Glaisher’s account of the flight is more famous for his dispassionate description of his symptoms than for the measurements he took. He first lost the use of his arms and legs, then his vision blurred and he could no longer hold his head upright. He then lost the power of speech, followed by his sight, before completely losing consciousness.
By this stage ice was forming on the ropes, and the balloon was in danger of rising so far that the men would die as was to happen to two French scientists a decade later. Coxwell was still conscious, although he had lost the use of his hands. He was able to grasp the release cord with his teeth and nod his head to let some hydrogen out of the balloon (above), so that they began to descend. Glaisher regained the use of his faculties after an interval of 15 minutes and resumed his temperature and pressure readings. For decades, these measurements remained the best set of observations taken in the sky.
High-altitude ballooning continued to make valuable contributions to atmospheric science into this century, including the surprising discovery that temperature stops falling above a certain height subsequently called the troposphere. However, from the point of view of meteorology, the most important development was the use of small unmanned balloons with lightweight recording instruments which descended by parachute after the balloon burst.
The invention of aeroplanes presented new possibilities for a exploring the sky. Initially frail, early aircraft avoided clouds and any sort of bad weather. However, as they were made more robust, they were able to survive increasingly boisterous encounters with weather.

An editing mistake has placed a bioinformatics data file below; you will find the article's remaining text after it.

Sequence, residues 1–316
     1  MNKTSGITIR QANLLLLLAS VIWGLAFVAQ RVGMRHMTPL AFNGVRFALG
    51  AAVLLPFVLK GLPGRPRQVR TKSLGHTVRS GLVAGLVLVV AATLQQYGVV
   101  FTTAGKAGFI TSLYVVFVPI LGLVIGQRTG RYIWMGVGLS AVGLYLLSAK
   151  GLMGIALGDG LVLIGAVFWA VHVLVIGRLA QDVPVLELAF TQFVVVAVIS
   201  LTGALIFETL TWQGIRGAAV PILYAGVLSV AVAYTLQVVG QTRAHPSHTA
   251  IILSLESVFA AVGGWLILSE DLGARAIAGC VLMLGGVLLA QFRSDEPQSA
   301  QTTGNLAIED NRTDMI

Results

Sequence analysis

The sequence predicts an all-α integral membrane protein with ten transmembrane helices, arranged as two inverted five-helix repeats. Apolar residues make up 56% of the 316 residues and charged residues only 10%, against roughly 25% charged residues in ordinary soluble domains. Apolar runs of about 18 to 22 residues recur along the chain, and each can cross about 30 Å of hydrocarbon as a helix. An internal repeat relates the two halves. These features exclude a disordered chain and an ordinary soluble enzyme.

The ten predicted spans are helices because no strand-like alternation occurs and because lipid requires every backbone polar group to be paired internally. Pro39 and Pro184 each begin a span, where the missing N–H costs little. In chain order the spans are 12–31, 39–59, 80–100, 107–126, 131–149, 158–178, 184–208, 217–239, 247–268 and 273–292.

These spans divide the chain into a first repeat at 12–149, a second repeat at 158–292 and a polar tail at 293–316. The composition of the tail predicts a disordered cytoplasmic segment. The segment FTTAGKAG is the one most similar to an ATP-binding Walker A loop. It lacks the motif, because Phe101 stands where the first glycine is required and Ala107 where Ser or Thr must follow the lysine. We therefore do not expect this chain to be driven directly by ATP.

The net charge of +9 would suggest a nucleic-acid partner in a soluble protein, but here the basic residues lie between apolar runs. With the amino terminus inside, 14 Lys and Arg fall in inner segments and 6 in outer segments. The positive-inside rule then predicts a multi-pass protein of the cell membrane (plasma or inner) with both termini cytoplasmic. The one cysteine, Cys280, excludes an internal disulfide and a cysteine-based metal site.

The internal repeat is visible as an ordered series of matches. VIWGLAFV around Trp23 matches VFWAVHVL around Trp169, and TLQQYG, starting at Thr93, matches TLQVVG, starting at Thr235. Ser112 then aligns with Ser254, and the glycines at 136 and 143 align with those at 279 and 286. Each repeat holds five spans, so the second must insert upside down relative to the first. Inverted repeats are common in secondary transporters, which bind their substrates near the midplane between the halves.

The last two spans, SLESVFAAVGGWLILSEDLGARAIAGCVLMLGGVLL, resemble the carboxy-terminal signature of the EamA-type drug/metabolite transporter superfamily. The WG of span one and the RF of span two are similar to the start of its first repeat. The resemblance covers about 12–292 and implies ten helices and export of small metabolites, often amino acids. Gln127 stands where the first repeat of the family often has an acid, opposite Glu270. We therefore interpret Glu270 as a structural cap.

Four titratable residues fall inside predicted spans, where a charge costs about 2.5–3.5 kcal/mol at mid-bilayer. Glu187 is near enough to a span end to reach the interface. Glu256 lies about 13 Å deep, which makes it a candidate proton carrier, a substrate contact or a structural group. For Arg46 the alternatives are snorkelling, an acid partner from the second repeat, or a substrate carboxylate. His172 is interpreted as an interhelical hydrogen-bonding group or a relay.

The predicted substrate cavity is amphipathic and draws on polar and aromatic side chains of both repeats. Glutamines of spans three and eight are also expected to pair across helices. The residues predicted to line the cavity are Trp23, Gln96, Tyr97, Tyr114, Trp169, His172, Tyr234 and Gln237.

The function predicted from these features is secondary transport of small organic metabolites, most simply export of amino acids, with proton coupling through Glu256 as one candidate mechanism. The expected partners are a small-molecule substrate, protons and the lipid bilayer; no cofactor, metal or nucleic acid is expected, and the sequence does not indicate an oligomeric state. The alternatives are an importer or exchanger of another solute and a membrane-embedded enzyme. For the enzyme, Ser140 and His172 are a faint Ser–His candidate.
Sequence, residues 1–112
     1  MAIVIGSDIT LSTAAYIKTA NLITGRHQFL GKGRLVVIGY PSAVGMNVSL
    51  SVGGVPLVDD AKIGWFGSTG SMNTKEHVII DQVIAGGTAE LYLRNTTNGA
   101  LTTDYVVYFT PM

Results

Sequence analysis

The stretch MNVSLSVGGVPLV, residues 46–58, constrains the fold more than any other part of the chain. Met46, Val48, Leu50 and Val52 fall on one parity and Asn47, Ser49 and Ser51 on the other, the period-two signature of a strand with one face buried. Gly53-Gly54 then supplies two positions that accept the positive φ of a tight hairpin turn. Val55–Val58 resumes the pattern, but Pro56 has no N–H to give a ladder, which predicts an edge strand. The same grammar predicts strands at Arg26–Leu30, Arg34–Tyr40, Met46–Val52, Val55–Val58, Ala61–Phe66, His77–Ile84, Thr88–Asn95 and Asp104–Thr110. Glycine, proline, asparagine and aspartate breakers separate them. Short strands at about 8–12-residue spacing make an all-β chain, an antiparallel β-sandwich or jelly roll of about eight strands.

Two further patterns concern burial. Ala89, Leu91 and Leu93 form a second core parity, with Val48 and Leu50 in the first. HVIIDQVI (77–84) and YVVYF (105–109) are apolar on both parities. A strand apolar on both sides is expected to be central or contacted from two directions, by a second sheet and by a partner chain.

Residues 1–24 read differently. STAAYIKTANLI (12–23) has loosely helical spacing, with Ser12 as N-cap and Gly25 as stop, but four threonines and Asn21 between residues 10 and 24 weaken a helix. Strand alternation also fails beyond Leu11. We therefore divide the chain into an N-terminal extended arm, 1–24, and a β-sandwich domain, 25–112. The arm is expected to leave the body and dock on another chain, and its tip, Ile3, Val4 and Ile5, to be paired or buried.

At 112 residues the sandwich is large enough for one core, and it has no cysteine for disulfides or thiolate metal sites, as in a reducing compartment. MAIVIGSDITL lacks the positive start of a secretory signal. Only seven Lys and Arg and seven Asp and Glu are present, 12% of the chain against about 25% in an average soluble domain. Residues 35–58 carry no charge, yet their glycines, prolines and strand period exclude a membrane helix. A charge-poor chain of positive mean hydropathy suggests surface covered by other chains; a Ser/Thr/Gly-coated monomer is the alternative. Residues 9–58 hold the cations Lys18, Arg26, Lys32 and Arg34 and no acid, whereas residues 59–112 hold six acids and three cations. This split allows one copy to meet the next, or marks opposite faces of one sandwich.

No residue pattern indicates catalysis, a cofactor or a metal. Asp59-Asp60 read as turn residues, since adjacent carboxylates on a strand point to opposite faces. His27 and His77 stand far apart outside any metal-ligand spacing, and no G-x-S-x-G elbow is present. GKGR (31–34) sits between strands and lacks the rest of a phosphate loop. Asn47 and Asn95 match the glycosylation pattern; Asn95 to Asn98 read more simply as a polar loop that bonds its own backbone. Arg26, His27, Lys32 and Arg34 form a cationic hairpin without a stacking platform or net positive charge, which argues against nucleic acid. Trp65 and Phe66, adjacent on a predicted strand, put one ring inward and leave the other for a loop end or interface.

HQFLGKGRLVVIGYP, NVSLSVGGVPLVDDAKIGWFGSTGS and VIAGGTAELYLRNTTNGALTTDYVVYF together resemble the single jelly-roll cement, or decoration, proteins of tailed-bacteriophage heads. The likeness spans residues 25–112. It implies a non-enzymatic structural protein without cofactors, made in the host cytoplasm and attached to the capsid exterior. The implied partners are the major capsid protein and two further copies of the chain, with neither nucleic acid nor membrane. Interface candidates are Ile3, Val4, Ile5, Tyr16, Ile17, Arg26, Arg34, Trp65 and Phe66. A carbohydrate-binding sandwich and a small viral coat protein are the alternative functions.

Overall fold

During the Second World War, many advances were made both in aircraft and in exploration of the weather. Bombers flying at high altitude over Europe encountered and described the extremely strong winds of the jet streams. In the tropical Pacific, where weather observations had been sparse, the enormous increase in the number of wind observations from aircraft laid the basis for rapid advances in understanding tropical meteorology. But perhaps the greatest achievement was the penetration of tropical cyclones by US air force planes.
In 1945, a tropical cyclone struck the US Navy near Japan, sinking many ships and taking the lives of hundreds of sailors. This event helped focus attention on the need for tracking and forecasting the movement of tropical cyclones in order to mitigate their disastrous effects. Reconnaissance flights into the eye of tropical cyclones played a vital role in forecasting the movement of these storms for three decades, and, although the flights were dangerous, remarkably few aircraft were lost.